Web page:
“Loopdiver,” Stoppiello says, emphasized the fact “that all of our technologies, all the rhythms of those machines, have changed us. They’ve changed our physicality and how we move in the world and our relationship with time.
“That’s why I want to do this: There’s more to discover in the world,” she continues. “I want to use the computer to change how I choreograph. So that it intervenes in my process, and it doesn’t let me just do what spills out of my head. Something I do with the computer disrupts that flow and causes me to do something I wouldn’t do of my own accord.”
Longtime followers of modern dance may recognize the ghost of Merce Cunningham in those comments. Cunningham, the revered dance experimenter who died in 2009 at 90, helped develop software in the late 1980s that allowed him to program digital stick figures to dance his steps. The software, originally called LifeForms, could also randomly reorder the steps. What Cunningham liked about asking the computer to shuffle his steps — similar to the “chance operations” he had used for years by flipping coins or rolling dice to rearrange sections of a dance — was that these means let him move beyond his own self-expression. Letting go of control, he believed, brought him closer to something spiritual.
“The feeling I have when I compose in this way is that I am in touch with a natural resource far greater than my own personal inventiveness could ever be,” Cunningham once wrote. “Much more universally human than the particular habits of my own practice.”
Coniglio and Stoppiello also speak of feeling a profound human connection through their use of machinery, but where their work departs from Cunningham’s, they say, is that they are granting even more power to the computer.
“If you adopt a rigorous computer process — an inhuman process — into the work,” says Coniglio, “then you have to make the work in a different way.”
This has opened the door to that hard-to-find place in any art form: a new frontier.
The garage sessions
The Troika Ranch founders can go on and on about databases and lumens, and about Isadora and how it interfaces with another software program called NI Mate, and about how some mix can make all their interactive dreams come true.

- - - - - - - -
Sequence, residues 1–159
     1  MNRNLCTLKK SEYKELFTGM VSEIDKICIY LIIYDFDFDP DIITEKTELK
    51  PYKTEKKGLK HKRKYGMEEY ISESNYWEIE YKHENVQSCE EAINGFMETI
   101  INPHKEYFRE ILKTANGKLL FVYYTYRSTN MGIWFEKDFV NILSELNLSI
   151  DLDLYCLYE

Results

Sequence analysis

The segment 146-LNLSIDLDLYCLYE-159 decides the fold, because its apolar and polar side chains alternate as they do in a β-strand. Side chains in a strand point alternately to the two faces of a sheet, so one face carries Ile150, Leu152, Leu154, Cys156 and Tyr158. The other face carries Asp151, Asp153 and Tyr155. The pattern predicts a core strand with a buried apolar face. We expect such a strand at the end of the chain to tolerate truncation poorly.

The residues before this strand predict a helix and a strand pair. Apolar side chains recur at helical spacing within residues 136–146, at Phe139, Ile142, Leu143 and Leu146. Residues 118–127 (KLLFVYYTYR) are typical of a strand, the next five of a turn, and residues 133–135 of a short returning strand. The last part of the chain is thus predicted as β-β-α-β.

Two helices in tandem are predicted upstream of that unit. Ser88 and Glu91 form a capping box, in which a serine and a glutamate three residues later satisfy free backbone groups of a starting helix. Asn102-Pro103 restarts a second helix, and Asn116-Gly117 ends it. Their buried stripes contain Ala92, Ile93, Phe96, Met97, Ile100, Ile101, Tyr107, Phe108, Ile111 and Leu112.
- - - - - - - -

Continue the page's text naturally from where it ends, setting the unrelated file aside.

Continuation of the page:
But what does that have to do with any of us real folks?
Part of the answer lies in Stoppiello’s garage. That’s where she hosts an occasional “salon du garage,” as she calls it, jokingly. She has been experimenting there with “Swarm.” This December, as part of a master’s degree program she is pursuing at George Washington University (it’s called “low-residency,” and she often communicates with instructors via Skype), she staged a performance that went like this: First, she cut a couple dozen pictures out of magazines, and with a partner, created a movement response to each picture. Then she brought in audience members, and told them to hang the pictures in whatever order they wanted on a clothesline that was strung around a square taped-off space on the floor.
“They could change the pictures as much as they wanted or not at all,” says Stoppiello. She and the other dancer stood inside the square, and whatever picture was hung in front of them triggered their movement. Part of the game was seeing when the audience would figure out that the pictures they selected had an impact on the moves they saw. “Some people picked up on it really quickly, other people had no idea.”
That’s key. For all their use of technology, Stoppiello and Coniglio are most interested in what it reveals about our humanity. “Loopdiver,” which was performed in small venues in Chicago, a few other U.S. cities and Berlin between 2009 and 2010, was at its core an intimate experience for both audience and dancers. (Troika Ranch will revive it this June in Moscow.)
“You had to see it very close up for it to have any meaning, and being that close to the audience was very moving,” says Stoppiello.
That experience made her crave even more audience interaction, which prompted her to imagine how spectators’ behavior, captured by the Kinect cameras, could trigger the way the dancers move in “Swarm.”
“Is it possible to get the audience to start out knowing nothing, and will they ever make an association with their behavior and the results around them?” she asks. “We’re very curious.”
“The story is always in the people,” says Coniglio, echoing her thoughts from an ocean away. “Always.
“I love computers; they are the clay that I build pots with,” he continues. “But art is still about stories, and people are really good at that.”
Making music through movement